Vatican City, May 9, 2005 / 22:00 pm
The Holy See joined much of Europe yesterday in celebrating the sixtieth anniversary of the end of World War II. Archbishop Celestino Migliore, the Vatican’s permanent observer to the United Nations, spoke to the U.N.’s General Assembly in New York yesterday, who marked May 8 and 9 as official days of remembrance for the war’s end.
He told the Assembly that, "There is no doubt [the war] was a terrible conflict, and it is both salutary and sobering to recall that it was the worst of several unnecessary, man-made global catastrophes that made the twentieth century one of the most bitter that humanity has ever known."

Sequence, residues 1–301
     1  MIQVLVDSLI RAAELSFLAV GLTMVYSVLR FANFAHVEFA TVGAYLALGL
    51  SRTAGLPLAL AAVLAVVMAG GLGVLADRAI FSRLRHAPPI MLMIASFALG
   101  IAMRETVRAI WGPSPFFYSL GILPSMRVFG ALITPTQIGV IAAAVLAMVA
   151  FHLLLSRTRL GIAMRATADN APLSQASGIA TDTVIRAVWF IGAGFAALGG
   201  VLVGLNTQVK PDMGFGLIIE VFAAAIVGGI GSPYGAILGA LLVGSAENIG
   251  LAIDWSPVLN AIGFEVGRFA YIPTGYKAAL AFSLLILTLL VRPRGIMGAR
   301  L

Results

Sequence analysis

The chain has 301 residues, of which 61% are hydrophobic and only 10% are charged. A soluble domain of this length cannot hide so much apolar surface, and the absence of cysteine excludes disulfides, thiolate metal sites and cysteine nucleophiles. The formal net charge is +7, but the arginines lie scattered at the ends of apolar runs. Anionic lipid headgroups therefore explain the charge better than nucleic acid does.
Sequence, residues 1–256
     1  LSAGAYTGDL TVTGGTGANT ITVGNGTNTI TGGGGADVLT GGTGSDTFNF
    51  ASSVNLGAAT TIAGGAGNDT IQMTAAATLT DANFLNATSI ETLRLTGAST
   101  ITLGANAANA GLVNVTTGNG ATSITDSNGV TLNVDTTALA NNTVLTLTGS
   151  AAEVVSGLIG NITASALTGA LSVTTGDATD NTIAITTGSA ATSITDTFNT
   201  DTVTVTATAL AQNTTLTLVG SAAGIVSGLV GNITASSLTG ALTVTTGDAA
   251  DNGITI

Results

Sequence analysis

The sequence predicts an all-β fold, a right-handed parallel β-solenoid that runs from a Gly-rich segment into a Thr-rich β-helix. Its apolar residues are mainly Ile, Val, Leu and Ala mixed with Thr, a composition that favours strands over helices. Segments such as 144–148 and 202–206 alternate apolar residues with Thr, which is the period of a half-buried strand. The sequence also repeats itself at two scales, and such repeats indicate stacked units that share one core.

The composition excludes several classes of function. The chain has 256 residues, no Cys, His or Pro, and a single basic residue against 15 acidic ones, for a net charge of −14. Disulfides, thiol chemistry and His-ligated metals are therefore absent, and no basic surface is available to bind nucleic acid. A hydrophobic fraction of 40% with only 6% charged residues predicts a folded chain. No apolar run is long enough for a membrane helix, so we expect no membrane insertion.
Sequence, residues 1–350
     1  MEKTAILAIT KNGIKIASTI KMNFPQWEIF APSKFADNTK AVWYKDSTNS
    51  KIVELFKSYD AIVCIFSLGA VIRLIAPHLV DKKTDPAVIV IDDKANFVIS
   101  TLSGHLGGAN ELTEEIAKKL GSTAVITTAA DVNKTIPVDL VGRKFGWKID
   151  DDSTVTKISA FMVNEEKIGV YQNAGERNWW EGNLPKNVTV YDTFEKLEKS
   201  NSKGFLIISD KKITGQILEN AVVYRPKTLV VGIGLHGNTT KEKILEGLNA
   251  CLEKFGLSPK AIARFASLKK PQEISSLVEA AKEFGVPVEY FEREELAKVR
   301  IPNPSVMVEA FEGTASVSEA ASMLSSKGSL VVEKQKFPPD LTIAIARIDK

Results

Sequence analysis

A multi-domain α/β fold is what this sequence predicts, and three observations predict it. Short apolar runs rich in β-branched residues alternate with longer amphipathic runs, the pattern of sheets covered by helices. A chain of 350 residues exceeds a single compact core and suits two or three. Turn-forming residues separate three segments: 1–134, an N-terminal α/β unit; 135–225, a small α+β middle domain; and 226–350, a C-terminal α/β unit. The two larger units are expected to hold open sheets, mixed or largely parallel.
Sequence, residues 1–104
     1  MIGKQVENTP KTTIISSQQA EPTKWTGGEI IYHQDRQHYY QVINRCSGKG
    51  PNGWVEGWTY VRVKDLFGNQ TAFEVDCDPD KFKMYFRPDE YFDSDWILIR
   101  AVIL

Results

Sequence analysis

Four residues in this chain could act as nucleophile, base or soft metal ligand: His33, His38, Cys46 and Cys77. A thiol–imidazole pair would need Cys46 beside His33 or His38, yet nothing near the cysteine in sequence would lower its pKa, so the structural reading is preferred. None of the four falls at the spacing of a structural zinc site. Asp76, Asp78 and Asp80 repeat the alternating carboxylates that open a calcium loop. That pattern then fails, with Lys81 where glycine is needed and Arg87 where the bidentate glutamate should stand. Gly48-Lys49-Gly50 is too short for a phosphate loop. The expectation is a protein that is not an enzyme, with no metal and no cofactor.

He added that, "responsibility in view of these previous catastrophes requires us to develop some considerations."
"First of all," the Archbishop continued, "among the roots of the Second World War was the exaltation of State and race, and the proud self-sufficiency of humanity based upon the manipulation of science, technology and force.”